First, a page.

HORSE RACING—HARMONIZING ($77.20) galloped home more than two lengths ahead of Bald Eagle in one of the major upsets of the year in the $110,200 Man o' War Stakes at Belmont. Under John Ruane the 6-year-old gelded chestnut covered the 1½ miles in 2:33[1/5]. Sword Dancer, co-favorite with Bald Eagle, finished third, six lengths behind the winner.
Bowl Of Flowers ($3.40), running last at mid-point of the backstretch, took to the outside and rushed to the wire half length in front of Angel Speed in the $153,055 Gardenia Stakes at Garden State Park. The 2-year-old filly ran the 1[1/16], miles in 1:46. Willie Shoemaker up.
Benguala ($8.70) flawlessly jumped 13 fences to win one of the world's richest steeplechase races, the $56,150 Temple Gwathmey at Belmont, by 3 lengths over Chufquen. It was Benguala's second victory in the Gwathmey. With Albert Foot up he covered the distance, about 2½ miles, in 4:46[2/5].
Rash Statement ($17.40) made her bid in the final quarter mile and drove home past Indian Maid to win the $87,750 Spinster Stakes at Keene-land. The 3-year-old filly ran the 1‚⅛ miles in 1:49[3/5]. J. L. Rotz up.
He's A Pistol ($6.40) won the $55,285 Breeders' Futurity at Keeneland by 3 lengths over Zebadiah. The colt ran the 7 furlongs 184 feet in 1:27. Larny Hansman up.
Mail Order ($19.60), the $30,200 Vosburgh Handicap, by 3½ lengths over Wiggle II, 7 furlongs in 1:22⅗ at Belmont. Eldon Nelson up.
HORSE SHOW—In the seven-day Pennsylvania National Horse Show at Harrisburg, Pa., U.S. won the team championship with 117 points. Canada was second with 57 points, Ireland third with 44. FRANK CHAPOT of Wallpack, N.J. was winner of the individual prize. MEXICO won the President's Perpetual Plate; U.S. and Ireland were tied for second. VENEZUELA, led by Mrs. Carola Behrens, captured the Prix des Nations; U.S. second, Canada third.
MOTOR SPORTS—STIRLING MOSS won both heats of the 200-mile Pacific Grand Prix at Fort Ord, Calif. Driving a Lotus, Moss averaged 86.4 mph in the first 100-mile heat, 87.8 mph in the second. In first heat Jim Hall of Dallas was second, driving a Maserati. In second heat Augie Pabst of Milwaukee was second, driving a Scarab. World Champion Jack Brabham of Australia didn't finish the first heat, was 18th in the second. In the amateur events at Fort Ord WILLIAM SHERWOOD of Berkeley, Calif., driving a Corvette, won the race for cars over 1,600-cc-piston displacement. PAT PIGGOTT of Bellingham, Wash, won the formula junior race by two feet over Ed Leslie of Monterey.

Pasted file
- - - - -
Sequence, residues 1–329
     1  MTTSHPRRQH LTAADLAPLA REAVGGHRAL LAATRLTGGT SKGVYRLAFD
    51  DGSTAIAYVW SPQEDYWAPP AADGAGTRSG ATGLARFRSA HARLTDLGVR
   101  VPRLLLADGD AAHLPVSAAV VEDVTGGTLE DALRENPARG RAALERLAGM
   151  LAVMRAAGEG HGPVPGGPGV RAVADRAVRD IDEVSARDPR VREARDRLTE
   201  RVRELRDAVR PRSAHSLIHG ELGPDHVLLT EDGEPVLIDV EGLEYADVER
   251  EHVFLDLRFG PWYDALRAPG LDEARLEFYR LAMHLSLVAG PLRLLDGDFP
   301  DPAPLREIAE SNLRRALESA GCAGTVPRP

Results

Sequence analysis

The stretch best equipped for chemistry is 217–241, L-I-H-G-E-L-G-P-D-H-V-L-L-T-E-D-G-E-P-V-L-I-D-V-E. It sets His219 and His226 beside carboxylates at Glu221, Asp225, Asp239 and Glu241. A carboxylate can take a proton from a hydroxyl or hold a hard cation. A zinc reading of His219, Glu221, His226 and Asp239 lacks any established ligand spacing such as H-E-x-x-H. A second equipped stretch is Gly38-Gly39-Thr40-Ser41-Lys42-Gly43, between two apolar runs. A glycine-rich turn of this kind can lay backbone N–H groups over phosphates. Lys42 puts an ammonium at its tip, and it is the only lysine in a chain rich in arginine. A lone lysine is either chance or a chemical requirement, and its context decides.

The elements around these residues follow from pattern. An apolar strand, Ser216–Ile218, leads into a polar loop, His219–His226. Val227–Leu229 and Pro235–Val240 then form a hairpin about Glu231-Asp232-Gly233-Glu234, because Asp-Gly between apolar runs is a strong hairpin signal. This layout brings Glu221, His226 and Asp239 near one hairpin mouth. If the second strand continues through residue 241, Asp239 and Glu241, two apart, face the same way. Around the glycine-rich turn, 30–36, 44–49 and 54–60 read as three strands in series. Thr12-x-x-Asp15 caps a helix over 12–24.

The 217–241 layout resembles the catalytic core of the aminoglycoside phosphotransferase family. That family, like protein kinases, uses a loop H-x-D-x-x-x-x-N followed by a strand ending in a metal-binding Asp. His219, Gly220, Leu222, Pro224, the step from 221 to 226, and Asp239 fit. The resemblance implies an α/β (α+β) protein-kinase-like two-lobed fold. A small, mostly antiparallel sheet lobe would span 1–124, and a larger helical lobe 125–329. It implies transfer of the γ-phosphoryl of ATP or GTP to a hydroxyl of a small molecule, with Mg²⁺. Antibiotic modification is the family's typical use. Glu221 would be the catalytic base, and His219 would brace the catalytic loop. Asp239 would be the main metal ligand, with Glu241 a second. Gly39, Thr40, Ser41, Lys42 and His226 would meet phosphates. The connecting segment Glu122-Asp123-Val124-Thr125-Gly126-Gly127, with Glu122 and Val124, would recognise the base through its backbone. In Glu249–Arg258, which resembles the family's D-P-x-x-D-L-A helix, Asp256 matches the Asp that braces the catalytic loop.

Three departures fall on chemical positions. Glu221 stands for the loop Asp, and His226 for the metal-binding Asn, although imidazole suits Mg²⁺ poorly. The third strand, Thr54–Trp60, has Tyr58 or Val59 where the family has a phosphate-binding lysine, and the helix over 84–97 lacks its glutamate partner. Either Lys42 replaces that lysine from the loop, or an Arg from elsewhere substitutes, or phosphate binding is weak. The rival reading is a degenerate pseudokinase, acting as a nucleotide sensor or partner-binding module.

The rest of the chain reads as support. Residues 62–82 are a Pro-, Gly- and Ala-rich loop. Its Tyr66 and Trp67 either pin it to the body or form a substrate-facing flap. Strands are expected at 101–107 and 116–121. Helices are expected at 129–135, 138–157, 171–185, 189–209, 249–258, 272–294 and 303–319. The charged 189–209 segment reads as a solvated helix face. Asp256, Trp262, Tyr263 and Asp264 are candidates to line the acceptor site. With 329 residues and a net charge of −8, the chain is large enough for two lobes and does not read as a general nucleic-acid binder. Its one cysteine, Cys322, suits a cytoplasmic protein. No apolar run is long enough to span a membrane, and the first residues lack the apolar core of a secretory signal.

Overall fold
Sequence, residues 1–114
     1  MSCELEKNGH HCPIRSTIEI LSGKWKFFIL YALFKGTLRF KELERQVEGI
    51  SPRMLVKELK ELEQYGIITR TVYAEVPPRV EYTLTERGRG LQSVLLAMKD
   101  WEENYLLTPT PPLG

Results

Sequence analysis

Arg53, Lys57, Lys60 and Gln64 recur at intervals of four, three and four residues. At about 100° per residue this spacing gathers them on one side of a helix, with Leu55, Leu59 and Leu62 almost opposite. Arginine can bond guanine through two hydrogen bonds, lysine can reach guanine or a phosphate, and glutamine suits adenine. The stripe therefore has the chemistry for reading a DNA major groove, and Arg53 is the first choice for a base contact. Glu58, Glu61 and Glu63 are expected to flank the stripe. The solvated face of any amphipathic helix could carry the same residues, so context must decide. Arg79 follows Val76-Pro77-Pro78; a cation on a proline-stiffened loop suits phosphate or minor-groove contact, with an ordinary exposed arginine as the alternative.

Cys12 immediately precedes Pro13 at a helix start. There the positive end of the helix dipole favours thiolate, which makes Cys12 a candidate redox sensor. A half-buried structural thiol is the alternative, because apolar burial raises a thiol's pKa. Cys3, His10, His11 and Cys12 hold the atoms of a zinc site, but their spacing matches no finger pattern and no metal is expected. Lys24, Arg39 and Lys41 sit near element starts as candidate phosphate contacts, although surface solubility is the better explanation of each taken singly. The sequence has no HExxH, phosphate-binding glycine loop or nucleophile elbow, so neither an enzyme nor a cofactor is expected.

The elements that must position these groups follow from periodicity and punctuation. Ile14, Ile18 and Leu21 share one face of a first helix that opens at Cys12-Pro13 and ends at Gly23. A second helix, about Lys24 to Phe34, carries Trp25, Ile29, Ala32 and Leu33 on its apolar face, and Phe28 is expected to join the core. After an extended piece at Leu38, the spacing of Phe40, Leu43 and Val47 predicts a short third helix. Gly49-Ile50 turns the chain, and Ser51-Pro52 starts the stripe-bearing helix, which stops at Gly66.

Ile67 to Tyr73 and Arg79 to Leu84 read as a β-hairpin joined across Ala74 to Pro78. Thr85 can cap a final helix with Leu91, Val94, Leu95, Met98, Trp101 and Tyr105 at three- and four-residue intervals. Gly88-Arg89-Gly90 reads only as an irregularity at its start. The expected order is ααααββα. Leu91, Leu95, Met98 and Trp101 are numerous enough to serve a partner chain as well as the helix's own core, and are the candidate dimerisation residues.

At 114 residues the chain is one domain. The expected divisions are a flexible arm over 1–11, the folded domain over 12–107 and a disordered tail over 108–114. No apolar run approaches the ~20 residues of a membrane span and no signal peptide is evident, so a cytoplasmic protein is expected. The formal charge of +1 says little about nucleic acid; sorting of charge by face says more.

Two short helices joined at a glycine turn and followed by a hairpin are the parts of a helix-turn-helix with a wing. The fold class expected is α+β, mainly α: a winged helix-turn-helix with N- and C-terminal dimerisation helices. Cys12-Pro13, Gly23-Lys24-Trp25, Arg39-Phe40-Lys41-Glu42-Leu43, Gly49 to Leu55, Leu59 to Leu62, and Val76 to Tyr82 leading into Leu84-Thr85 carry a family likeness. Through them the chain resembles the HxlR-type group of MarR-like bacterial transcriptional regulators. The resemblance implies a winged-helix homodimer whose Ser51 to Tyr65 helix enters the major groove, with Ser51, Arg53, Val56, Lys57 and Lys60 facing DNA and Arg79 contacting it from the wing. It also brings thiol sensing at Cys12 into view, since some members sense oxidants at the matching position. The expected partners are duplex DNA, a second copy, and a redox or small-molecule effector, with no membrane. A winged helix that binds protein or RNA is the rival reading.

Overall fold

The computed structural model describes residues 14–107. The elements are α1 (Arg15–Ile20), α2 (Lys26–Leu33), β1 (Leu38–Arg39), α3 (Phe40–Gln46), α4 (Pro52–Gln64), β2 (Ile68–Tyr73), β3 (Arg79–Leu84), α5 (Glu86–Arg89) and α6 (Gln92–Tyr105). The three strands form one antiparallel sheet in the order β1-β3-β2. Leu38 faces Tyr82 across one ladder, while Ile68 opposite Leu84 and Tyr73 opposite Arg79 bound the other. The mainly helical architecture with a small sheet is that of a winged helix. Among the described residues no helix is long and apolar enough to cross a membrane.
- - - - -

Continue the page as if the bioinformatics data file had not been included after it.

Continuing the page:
TRACK & FIELD—IRINA PRESS of Russia, Olympic 80-meter hurdles champion, bettered her own world record in the women's pentathlon, scored 4,972 points, 13 more than her listed record, at Kiev, Russia.
Dave Hyland, 17-year-old senior from St. Peter's of New Brunswick, N.J., won the Eastern interscholastic championship at New York when he ran 2½ miles cross-country in 13:09. HOLY CROSS of New York won the team title by two points over West Catholic of Philadelphia.
MILEPOSTS—FIRED: CASEY STENGEL, 70, manager of the Yankees, who in 12 years with New York managed the team to 10 American League pennants and seven World Series championships, at New York (see page 63).
HIRED: RALPH HOUK, 41, first-base coach for the New York Yankees, as manager of the Yankees under a one-year contract, at New York.
RESIGNED: BILL DEWITT, president of the Detroit Tigers for less than a year, at Detroit. While president, DeWitt made wholesale changes in the front office and on the field, but the Tigers finished sixth in the American League.
Elected. Fred McLeod. 78, of Chevy Chase, Md., to PGA Hall of Fame at Dunedin, Fla. McLeod, who still plays golf, is oldest man ever elected to the Hall of Fame, won the USGA Open in 1908, was a contender in every major golf tournament from 1903 to 1930.